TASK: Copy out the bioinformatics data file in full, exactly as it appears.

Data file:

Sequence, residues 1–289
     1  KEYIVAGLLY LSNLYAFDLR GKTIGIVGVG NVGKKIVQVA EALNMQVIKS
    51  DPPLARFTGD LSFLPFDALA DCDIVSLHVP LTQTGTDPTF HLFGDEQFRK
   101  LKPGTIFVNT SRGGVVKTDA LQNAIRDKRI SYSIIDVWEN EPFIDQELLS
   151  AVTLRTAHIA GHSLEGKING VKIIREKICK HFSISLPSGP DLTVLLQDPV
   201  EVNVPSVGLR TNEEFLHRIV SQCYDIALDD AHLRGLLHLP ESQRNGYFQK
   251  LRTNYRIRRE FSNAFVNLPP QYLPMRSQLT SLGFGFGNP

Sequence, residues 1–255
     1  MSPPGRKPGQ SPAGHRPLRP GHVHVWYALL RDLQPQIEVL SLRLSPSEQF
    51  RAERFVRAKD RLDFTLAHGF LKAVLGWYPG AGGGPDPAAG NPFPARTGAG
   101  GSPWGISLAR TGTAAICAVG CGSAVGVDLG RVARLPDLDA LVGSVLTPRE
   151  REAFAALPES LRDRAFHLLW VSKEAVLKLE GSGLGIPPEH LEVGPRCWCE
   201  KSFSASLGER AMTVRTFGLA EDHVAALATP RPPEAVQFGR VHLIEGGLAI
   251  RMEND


Sequence, residues 1–289
     1  KEYIVAGLLY LSNLYAFDLR GKTIGIVGVG NVGKKIVQVA EALNMQVIKS
    51  DPPLARFTGD LSFLPFDALA DCDIVSLHVP LTQTGTDPTF HLFGDEQFRK
   101  LKPGTIFVNT SRGGVVKTDA LQNAIRDKRI SYSIIDVWEN EPFIDQELLS
   151  AVTLRTAHIA GHSLEGKING VKIIREKICK HFSISLPSGP DLTVLLQDPV
   201  EVNVPSVGLR TNEEFLHRIV SQCYDIALDD AHLRGLLHLP ESQRNGYFQK
   251  LRTNYRIRRE FSNAFVNLPP QYLPMRSQLT SLGFGFGNP

Sequence, residues 1–255
     1  MSPPGRKPGQ SPAGHRPLRP GHVHVWYALL RDLQPQIEVL SLRLSPSEQF
    51  RAERFVRAKD RLDFTLAHGF LKAVLGWYPG AGGGPDPAAG NPFPARTGAG
   101  GSPWGISLAR TGTAAICAVG CGSAVGVDLG RVARLPDLDA LVGSVLTPRE
   151  REAFAALPES LRDRAFHLLW VSKEAVLKLE GSGLGIPPEH LEVGPRCWCE
   201  KSFSASLGER AMTVRTFGLA EDHVAALATP RPPEAVQFGR VHLIEGGLAI
   251  RMEND